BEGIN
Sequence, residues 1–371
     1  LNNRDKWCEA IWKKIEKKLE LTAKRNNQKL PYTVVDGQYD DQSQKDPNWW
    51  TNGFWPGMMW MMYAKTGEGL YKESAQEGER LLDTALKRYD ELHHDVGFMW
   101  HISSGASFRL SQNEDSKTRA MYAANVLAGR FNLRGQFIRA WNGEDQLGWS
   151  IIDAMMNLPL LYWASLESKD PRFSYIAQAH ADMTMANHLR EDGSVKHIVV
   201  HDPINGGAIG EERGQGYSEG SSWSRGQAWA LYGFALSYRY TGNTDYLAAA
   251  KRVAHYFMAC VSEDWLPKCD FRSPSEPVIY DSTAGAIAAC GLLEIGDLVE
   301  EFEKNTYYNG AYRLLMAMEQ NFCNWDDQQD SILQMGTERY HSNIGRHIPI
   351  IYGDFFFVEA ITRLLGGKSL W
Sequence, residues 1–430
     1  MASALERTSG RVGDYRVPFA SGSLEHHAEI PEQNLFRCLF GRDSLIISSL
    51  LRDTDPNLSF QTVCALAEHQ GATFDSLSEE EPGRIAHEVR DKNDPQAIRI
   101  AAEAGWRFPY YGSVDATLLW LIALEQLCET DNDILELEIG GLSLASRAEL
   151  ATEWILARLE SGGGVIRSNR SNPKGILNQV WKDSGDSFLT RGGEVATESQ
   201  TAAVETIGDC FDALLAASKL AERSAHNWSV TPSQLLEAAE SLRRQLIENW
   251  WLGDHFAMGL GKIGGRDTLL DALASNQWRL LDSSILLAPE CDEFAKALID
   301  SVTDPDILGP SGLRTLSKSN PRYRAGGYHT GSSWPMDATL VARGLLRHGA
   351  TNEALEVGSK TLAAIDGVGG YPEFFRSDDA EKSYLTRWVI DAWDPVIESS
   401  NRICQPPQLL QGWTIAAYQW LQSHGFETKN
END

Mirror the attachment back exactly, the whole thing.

Sequence, residues 1–371
     1  LNNRDKWCEA IWKKIEKKLE LTAKRNNQKL PYTVVDGQYD DQSQKDPNWW
    51  TNGFWPGMMW MMYAKTGEGL YKESAQEGER LLDTALKRYD ELHHDVGFMW
   101  HISSGASFRL SQNEDSKTRA MYAANVLAGR FNLRGQFIRA WNGEDQLGWS
   151  IIDAMMNLPL LYWASLESKD PRFSYIAQAH ADMTMANHLR EDGSVKHIVV
   201  HDPINGGAIG EERGQGYSEG SSWSRGQAWA LYGFALSYRY TGNTDYLAAA
   251  KRVAHYFMAC VSEDWLPKCD FRSPSEPVIY DSTAGAIAAC GLLEIGDLVE
   301  EFEKNTYYNG AYRLLMAMEQ NFCNWDDQQD SILQMGTERY HSNIGRHIPI
   351  IYGDFFFVEA ITRLLGGKSL W
Sequence, residues 1–430
     1  MASALERTSG RVGDYRVPFA SGSLEHHAEI PEQNLFRCLF GRDSLIISSL
    51  LRDTDPNLSF QTVCALAEHQ GATFDSLSEE EPGRIAHEVR DKNDPQAIRI
   101  AAEAGWRFPY YGSVDATLLW LIALEQLCET DNDILELEIG GLSLASRAEL
   151  ATEWILARLE SGGGVIRSNR SNPKGILNQV WKDSGDSFLT RGGEVATESQ
   201  TAAVETIGDC FDALLAASKL AERSAHNWSV TPSQLLEAAE SLRRQLIENW
   251  WLGDHFAMGL GKIGGRDTLL DALASNQWRL LDSSILLAPE CDEFAKALID
   301  SVTDPDILGP SGLRTLSKSN PRYRAGGYHT GSSWPMDATL VARGLLRHGA
   351  TNEALEVGSK TLAAIDGVGG YPEFFRSDDA EKSYLTRWVI DAWDPVIESS
   401  NRICQPPQLL QGWTIAAYQW LQSHGFETKN